His family said in a statement that Fonda died Friday morning at his home in Los Angeles. The official cause of death was respiratory failure due to lung cancer. “I am very sad,” his sister Jane Fonda said in a statement. “He was my sweet-hearted baby brother. The talker of the family. I have had beautiful alone time with him these last days. He went out laughing.” Born into Hollywood royalty as Henry Fonda’s only son, Peter Fonda carved his own path with his non-conformist tendencies and earned an Oscar nomination for co-writing the psychedelic road trip movie Easy Rider. He would never win that golden statuette, but would later be nominated for his leading performance as a Vietnam veteran and widowed beekeeper in Ulee’s Gold. Fonda was born in New York in 1940 to parents whose personas were the very opposite of the rebellious images their kids would cultivate. Father Henry Fonda was already a Hollywood giant, known for playing straight-shooting … [Read more...] about ‘He went out laughing’
Films like High Heels, Women on the Verge of a Nervous Breakdown and Tie Me Up! Tie Me Down! were funny, transgressive, full of life, a bold rewriting of Spanish national identity, but in his middle years, once Pedro had made his point, he settled into stronger, less showy but more profound dramas (Talk to Her, All About My Mother, Bad Education, Volver) that mixed the grit of Italian neo-realism with the lush melodrama of Douglas Sirk. Autobiographical elements were always present, but as he's gotten older, the Spanish master has plunged ever deeper into himself. His latest film, Pain and Glory, is his most overly personal yet, and stars his old friend and most frequent collaborator Antonio Banderas as Salvador Mallo, an ageing Madrid film-maker whose chronic back and ear problems have put paid to his once stellar career. Depressed and increasingly isolated, Salvador starts smoking heroin to dull the pain, unleashing visions of his rural childhood and his fiercely pragmatic and … [Read more...] about ‘I asked him to be the opposite of what he was famous for doing’
After criticising the media for attacking him and the film during its notoriously troubled production, he said "there were too many of us, we had access to too much equipment, too much money, and little by little we went insane". Then he added darkly, "my movie is not about Vietnam - my movie is Vietnam". The real war had only ended four years earlier, and his statement was deemed shockingly insensitive by some American critics, but Coppola's hyperbole was perhaps excusable given the trauma he'd endured. Though so far as we know no one actually died during the making of Apocalypse Now, its star Martin Sheen nearly did, Coppola threatened suicide, while Dennis Hopper's herculean cocaine consumption would have finished off a lesser man. And all of that was before Marlon Brando showed up to waddle around stubbornly ad-libbing and refusing to cooperate. Storms, bad luck, accidents, war and a constantly spiralling budget almost sunk the production on numerous occasions. Coppola was never … [Read more...] about Apocalypse how?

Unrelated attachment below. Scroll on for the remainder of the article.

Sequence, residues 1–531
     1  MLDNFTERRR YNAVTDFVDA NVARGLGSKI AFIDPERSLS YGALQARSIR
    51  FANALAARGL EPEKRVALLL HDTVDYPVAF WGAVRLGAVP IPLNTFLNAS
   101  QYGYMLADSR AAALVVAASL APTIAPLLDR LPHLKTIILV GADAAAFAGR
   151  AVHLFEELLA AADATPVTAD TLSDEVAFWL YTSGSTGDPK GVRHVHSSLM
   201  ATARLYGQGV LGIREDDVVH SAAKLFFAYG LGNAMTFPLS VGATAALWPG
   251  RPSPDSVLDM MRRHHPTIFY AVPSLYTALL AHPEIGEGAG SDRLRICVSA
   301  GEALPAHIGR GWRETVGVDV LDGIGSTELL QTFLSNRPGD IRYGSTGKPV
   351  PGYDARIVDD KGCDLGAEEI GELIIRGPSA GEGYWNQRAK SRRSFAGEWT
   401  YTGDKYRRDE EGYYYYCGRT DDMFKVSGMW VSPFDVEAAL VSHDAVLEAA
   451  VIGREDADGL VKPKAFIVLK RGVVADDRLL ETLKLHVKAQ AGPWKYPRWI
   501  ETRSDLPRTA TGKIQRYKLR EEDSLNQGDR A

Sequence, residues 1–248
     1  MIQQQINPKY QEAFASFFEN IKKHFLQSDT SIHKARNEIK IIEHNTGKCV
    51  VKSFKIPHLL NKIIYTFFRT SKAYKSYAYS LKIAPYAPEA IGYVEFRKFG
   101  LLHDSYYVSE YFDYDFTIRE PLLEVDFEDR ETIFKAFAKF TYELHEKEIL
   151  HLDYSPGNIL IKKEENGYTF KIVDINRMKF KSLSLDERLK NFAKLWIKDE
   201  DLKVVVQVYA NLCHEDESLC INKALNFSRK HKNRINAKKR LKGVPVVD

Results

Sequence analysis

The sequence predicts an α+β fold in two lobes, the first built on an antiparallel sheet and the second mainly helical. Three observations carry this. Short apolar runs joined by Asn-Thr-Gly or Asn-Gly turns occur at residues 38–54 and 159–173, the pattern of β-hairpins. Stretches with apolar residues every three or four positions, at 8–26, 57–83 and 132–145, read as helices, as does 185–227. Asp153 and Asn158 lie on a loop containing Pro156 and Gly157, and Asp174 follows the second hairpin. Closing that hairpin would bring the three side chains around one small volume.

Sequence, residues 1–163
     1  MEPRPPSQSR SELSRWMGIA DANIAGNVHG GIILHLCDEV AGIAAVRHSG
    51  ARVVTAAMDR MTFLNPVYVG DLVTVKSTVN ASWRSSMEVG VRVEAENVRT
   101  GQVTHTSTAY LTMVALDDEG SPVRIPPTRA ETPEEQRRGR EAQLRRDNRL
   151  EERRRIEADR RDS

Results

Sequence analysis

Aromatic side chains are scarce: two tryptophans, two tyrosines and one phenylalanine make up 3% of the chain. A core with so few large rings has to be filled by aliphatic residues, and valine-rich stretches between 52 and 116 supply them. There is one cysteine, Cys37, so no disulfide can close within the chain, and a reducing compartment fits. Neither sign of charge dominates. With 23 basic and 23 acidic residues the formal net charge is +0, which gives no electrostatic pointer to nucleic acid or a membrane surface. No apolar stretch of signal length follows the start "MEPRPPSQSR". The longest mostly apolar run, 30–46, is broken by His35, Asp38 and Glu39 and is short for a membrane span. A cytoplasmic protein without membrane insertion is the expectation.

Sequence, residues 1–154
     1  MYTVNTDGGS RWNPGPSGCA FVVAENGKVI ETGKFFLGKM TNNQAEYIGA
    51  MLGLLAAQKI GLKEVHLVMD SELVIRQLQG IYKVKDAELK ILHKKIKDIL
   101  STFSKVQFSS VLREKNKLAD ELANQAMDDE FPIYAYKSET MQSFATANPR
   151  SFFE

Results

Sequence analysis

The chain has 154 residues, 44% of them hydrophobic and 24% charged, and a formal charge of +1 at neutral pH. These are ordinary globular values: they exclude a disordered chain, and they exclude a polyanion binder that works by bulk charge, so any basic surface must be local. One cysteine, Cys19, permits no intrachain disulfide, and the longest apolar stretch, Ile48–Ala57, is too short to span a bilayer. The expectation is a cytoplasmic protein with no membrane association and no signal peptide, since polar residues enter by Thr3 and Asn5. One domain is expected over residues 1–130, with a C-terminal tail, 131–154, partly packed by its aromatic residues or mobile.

Packed from end to end with throwaway film references and loving recreations of 1960s TV crime shows and westerns, it is a very conscious attempt to capture the zeitgeist of an era that was about to end. That would be classic Hollywood, the version run mercilessly by charlatan studio bosses who treated actors like cattle, lived like kings and pumped out movies like there was no tomorrow. By the late 60s, their jig was up, and Tarantino's film in one sense revolves around the incident often cited as old Hollywood's death knell - the Tate murders. After that, many a hack writer has declared, without apparent irony, that Hollywood lost its innocence. The idea that it ever had any is hilarious: this, remember, is the prototypical gated community that brought you hushed up rapes, forced abortions, Fatty Arbuckle, Errol Flynn and poor old Lupe Vélez, the silent-era starlet whose attempt to create the perfect, headline-grabbing suicide ended in ignominy with her head in a toilet bowl. … [Read more...] about Film of the week: Tarantino’s ode to Hollywood is cult fiction
DISNEY bosses are “uneasy” about a film that shows Hitler as an “idiotic” imaginary pal of a boy in Nazi Germany. Jojo Rabbit, starring Sam Rockwell and Scarlett Johansson, was inherited by Disney as part of the buyout of 20th Century Fox. On seeing the rough cut, one exec reportedly said they were worried the movie does not fit with Disney’s family-friendly image. A one-minute trailer of the satire has been released and previews a scene in which the main character, 10-year-old Jojo, speaks to his chum Hitler, played by Taika Waititi, the director of Thor: Ragnarok. The child tells Adolf that he is being teased at a Hitler Youth Camp by other children, who call him a frightened rabbit. Comedy actor Waititi, 43, who also wrote and directed the movie, replies: “Let them say whatever they want, people used to say lots of nasty things about me: ‘Oh this guy’s a lunatic, oh look at that psycho, he’s going to get us all … [Read more...] about Disney film to show Adolf Hitler as imaginary friend of Nazi boy